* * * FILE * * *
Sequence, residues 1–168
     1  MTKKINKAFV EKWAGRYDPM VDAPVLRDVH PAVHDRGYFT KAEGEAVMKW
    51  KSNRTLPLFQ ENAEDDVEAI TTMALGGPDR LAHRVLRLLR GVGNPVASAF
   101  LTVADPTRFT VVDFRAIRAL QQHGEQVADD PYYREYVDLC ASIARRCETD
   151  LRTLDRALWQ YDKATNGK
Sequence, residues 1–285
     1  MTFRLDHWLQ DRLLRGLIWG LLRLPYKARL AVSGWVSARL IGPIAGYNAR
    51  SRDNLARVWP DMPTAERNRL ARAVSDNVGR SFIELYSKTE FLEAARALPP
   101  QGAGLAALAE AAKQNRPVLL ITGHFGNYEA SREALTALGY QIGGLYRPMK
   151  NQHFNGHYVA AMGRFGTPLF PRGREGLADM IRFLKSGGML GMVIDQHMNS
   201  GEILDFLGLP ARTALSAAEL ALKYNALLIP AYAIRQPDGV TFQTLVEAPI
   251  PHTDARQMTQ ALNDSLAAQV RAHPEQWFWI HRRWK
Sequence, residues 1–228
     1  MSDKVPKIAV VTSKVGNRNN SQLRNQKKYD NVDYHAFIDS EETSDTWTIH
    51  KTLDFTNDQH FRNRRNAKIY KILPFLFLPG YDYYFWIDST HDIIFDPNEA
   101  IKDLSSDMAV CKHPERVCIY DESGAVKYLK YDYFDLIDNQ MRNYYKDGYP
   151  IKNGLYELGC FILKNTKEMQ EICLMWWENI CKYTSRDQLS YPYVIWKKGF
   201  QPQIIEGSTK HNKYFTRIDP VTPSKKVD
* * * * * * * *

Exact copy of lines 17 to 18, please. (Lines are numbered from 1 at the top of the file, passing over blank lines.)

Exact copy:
   151  IKNGLYELGC FILKNTKEMQ EICLMWWENI CKYTSRDQLS YPYVIWKKGF
   201  QPQIIEGSTK HNKYFTRIDP VTPSKKVD